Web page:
Referring to FIGS. 10 and 11, the chip 197 is provided in a device 400. The device 400 comprises a functional system 401, a compromise detection system 402 configured to detect whether the functional system is compromised, and an encoded fuse system 197 comprising a plurality of fuses arranged in pairs and encoded such that each pair of fuses represents a data bit when one fuse of the pair is blown. A fuse blowing system, for example of the chip 197, is configured to respond to the compromise detection system 402 detecting that the functional system is compromised, to blow all unblown fuses of the pairs, such that both fuses of each pair is blown to represent a zero-ized pair, thereby “zero-izing” the plurality of fuses, which for example could render the set of fuses unusable and therefore the data content before being blown unknown.

Referring additionally to FIG. 8, if the compromise detection system 402 detects the device compromise at state 410, controller 250, if a part of chip 197, at state 415 operates fuse lines 325, 326 individually (lines 325, 326 each represents a set of individual lines to each fuse) to operate an associated gate (185, 186 of FIG. 3) to gate the current from the associated fuse source 252, 253 (182 of FIG. 3) through the fuse to ground and blow the fuse.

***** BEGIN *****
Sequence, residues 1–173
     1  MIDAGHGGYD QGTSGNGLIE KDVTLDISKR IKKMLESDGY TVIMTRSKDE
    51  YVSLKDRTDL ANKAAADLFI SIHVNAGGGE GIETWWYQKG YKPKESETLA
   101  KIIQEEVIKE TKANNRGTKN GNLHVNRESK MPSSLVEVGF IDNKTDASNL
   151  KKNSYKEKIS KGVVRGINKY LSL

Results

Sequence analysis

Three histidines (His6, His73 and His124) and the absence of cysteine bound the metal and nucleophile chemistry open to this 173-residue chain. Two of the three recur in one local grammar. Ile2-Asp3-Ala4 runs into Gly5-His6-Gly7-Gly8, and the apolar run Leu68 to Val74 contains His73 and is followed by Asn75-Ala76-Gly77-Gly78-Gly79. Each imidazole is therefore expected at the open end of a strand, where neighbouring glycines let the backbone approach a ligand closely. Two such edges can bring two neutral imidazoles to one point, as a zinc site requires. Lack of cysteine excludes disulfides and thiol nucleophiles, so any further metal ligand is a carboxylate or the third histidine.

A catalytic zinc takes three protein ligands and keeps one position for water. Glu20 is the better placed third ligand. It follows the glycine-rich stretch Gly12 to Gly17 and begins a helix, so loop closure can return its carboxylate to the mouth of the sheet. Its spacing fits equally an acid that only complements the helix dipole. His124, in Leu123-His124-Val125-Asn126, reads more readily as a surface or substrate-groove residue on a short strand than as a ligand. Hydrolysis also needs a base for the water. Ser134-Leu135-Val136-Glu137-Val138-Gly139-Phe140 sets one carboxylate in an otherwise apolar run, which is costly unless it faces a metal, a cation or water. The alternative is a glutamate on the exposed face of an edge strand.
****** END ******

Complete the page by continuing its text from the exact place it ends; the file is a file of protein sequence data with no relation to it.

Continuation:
In state 415, the fuses are blown, for example, in sequence, beginning by blowing fuses 350 and 351 of pair 210, and proceeding sequentially to fuses 360 and 361 of pair 221. When done, the fuses are sensed in state 420, for example, by sensing lines 257 to insure that each pair of fuses is now zero-ized, and if not done, the zero-izing continues, and, if done, at state 425, the set of fuses is rendered unusable and therefore the data content before being blown is unknown.